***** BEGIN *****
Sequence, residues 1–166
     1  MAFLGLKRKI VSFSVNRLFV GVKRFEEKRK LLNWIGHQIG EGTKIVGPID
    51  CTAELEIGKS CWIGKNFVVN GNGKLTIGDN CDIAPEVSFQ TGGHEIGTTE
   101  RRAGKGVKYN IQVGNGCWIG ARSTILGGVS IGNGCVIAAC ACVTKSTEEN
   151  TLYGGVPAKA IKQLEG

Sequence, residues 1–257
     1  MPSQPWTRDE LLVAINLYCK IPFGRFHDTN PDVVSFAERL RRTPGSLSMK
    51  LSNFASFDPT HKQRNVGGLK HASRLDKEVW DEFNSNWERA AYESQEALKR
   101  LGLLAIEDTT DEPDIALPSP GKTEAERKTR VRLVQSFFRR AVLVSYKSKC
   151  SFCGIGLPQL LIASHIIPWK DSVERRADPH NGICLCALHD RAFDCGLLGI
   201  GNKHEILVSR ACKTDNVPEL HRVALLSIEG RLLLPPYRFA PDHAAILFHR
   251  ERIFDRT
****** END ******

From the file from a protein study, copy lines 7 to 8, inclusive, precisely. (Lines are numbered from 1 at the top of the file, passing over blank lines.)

     1  MPSQPWTRDE LLVAINLYCK IPFGRFHDTN PDVVSFAERL RRTPGSLSMK
    51  LSNFASFDPT HKQRNVGGLK HASRLDKEVW DEFNSNWERA AYESQEALKR